June Irwin, who is in her 70's is a still a practicing dermatologist on the West Island of Montreal. Tukey and Plymale believe she's changed the North American landscape forever just by daring to speak out. Though Irwin, herself, is often heard humbly stating; this is not about me. This is about us.

"She would attend every single town meeting form June 1985 till they passed the law. She would read documents full of facts and full of anecdotes that came in the news," says Tukey. "She would read this aloud and say why aren't we getting rid of these things? Why are we allowing these products to be on our properties?"

The film will leave you wondering why WE are allowing these chemicals into our backyards, local parks and school landscapes. According to the Canadian Cancer Society, a growing body of evidence is linking cosmetic pesticides to several cancers, including adult and childhood leukemia, non-Hodgkin's lymphoma, pancreatic cancer, kidney cancer and some brain cancers.

"Parents are afraid because hundreds of untested chemicals are found in their children's bodies," says Senator Frank Lautenberg (N.J.) "EPA does not have the tools to act on dangerous chemicals, and the chemical industry has asked for stronger laws so that their customers are assured their products are safe."

Many scientists and environmental health advocates cite the fact that U.S. EPA has evaluated only 200 of the estimated 80,000 industrial chemicals in commerce-and banned only five- as evidence of TSCA's (Toxic Substances Control Act) failure to protect the health of consumers. Therefore, billion dollar corporations, with somewhat arbitrary oversight, are telling us we are safe. Hmmm, where have I heard that before? . . . Oh, yes, too big to fail; The financial industry.

As we say in my tribe, that's mashugena!

While making this movie, Plymale spoke with countless adults who had developed serious illnesses from pesticide poisonings. He was told hundreds of anecdotal stories about sick children and pets as well. He and his crew interviewed many credible doctors, veterinarians and scientists who all agree that the chemicals found in these lawn care products are dangerous, and in some cases, are known carcinogens. They also agree that the effects on the human body are largely unknown and are nearly impossible to isolate and prove scientifically.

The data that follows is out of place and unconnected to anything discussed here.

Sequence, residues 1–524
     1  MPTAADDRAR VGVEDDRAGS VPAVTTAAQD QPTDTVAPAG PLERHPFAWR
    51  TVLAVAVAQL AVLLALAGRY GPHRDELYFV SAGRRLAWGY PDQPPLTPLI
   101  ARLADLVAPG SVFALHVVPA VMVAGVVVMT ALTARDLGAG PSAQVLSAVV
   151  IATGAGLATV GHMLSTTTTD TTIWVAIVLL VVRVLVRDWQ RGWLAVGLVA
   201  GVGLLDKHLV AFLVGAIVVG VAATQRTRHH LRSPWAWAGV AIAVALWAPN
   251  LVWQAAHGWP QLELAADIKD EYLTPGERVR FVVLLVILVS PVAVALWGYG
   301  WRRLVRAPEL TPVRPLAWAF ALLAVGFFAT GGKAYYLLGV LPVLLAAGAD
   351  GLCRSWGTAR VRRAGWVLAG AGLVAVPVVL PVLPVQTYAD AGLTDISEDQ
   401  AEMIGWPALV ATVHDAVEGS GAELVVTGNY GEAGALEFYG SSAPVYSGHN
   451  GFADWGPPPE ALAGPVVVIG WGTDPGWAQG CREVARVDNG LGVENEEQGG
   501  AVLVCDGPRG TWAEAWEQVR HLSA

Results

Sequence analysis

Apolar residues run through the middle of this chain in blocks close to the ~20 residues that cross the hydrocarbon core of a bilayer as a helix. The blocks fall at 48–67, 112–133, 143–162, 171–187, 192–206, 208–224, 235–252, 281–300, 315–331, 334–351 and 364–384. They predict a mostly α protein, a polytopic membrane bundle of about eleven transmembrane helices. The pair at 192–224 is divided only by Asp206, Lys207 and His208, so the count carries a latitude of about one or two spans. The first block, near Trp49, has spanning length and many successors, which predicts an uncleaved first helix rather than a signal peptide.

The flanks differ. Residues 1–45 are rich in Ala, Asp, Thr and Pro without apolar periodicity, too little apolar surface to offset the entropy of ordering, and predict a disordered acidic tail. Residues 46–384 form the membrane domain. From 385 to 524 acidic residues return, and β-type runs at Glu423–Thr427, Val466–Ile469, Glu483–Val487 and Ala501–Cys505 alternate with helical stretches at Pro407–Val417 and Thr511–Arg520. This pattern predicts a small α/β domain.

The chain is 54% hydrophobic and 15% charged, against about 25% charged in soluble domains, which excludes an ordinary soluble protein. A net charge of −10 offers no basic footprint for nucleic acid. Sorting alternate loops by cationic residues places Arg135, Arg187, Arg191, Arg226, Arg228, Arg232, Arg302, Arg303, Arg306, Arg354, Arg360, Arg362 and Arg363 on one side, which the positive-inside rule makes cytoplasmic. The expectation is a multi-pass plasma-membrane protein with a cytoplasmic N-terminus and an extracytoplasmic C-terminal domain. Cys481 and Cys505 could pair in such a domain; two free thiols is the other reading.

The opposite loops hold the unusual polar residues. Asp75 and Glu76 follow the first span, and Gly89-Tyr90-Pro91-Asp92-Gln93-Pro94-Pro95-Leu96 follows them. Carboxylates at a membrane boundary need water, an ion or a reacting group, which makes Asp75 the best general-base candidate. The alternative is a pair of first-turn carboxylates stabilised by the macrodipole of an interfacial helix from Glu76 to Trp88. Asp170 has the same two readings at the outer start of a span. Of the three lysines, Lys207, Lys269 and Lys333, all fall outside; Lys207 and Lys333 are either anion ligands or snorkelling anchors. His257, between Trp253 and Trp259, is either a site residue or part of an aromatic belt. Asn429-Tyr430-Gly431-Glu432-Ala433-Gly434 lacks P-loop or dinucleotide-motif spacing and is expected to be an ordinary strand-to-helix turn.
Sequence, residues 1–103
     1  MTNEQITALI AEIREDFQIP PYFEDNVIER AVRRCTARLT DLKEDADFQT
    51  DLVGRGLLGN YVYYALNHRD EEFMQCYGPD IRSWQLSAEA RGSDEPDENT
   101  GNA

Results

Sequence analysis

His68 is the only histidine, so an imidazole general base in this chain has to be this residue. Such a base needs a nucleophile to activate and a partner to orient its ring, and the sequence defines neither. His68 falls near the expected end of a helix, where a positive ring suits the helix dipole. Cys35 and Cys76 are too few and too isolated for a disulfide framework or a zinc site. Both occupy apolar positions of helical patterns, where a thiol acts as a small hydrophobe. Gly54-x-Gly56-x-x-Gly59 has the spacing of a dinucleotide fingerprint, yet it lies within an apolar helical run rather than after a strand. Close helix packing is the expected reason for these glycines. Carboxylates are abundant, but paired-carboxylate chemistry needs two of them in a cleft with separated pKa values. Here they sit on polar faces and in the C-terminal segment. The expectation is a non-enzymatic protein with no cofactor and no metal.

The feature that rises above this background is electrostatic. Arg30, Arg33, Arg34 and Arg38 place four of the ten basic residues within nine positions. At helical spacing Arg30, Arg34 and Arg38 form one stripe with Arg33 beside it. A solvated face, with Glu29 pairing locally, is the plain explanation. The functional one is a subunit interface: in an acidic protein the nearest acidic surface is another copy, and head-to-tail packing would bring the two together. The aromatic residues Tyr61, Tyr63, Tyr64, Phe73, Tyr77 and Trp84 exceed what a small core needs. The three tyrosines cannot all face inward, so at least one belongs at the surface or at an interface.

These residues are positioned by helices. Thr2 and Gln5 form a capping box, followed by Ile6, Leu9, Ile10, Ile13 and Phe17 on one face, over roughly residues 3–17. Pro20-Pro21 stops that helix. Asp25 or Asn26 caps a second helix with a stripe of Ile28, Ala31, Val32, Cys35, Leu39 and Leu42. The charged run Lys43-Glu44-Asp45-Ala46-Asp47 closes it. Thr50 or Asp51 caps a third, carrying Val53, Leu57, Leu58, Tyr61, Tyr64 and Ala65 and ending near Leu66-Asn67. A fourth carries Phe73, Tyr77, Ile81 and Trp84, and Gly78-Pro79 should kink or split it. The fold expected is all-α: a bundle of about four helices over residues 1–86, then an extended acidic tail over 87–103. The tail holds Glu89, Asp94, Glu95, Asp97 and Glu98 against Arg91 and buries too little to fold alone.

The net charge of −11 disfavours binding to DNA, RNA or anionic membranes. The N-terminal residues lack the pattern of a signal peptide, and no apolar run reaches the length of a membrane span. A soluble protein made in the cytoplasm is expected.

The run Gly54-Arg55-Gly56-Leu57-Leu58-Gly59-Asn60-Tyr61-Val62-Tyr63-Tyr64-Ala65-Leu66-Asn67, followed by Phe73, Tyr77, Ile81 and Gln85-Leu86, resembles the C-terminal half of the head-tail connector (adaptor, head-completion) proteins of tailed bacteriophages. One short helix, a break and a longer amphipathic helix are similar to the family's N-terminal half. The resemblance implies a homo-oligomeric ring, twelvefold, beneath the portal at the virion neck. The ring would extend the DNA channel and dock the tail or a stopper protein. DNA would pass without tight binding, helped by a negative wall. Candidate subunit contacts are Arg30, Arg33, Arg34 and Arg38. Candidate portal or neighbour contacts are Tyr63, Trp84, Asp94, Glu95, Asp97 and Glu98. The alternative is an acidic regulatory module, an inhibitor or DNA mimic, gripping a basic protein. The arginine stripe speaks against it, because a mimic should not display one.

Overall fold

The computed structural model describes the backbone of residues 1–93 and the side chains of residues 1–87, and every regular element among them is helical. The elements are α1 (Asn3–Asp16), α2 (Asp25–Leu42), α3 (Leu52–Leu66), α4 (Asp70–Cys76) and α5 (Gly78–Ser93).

"My interest is to force the issue that every single person who uses these chemicals on their lawn needs to be aware of the risks. The people warning of the risks don't have a million-dollar advertising campaign to reach the public, "says Plymale. " These risks need to be known so that a homeowner can make an educated decision about what they're doing on their patch of paradise, and conversely what effects their decisions have on their community, or better yet, their own family."

To order the film or to set up a local screening or to find a showing during 'Earth Day' week, go to

To learn more about making your home garden safe, visit or Become a member of Environmental Working Group, who just this month introduced the 'Safe Chemicals Act' in the U.S. Congress. This new legislation aims to reform our toxics laws and force companies to show that their chemicals are kid-safe before they're put on the market.

Support organic lawn care companies like Fire Belly Organic Lawn Care, John & Bobs, Chickity Doo Doo, Dr. Earth, Natraturf and Gardens Alive. Or, grow Eco-Lawn ( a native drought tolerant grass that doesn't require any fertilizer.